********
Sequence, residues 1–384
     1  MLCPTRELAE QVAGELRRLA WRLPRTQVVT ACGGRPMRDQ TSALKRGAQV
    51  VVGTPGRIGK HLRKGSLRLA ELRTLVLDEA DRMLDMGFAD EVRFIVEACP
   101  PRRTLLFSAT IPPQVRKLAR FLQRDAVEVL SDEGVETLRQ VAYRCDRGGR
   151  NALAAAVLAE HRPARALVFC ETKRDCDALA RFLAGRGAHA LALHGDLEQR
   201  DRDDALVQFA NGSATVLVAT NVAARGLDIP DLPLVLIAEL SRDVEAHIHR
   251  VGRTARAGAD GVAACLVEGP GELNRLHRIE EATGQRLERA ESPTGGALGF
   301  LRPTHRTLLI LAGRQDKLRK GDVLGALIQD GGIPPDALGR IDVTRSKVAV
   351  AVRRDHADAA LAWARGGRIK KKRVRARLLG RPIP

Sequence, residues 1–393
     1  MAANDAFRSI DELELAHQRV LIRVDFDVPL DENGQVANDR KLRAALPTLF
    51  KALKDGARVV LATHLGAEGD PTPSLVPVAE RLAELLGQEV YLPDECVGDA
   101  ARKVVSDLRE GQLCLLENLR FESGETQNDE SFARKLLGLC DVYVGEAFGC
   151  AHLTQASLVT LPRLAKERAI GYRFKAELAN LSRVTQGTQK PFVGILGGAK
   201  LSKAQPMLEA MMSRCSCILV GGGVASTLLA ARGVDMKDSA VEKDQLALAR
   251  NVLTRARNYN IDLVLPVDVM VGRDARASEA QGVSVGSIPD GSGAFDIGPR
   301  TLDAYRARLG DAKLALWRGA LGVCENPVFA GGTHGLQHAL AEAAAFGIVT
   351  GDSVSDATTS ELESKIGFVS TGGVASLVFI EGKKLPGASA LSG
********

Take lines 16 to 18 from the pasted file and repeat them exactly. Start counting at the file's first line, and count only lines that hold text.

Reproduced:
   251  NVLTRARNYN IDLVLPVDVM VGRDARASEA QGVSVGSIPD GSGAFDIGPR
   301  TLDAYRARLG DAKLALWRGA LGVCENPVFA GGTHGLQHAL AEAAAFGIVT
   351  GDSVSDATTS ELESKIGFVS TGGVASLVFI EGKKLPGASA LSG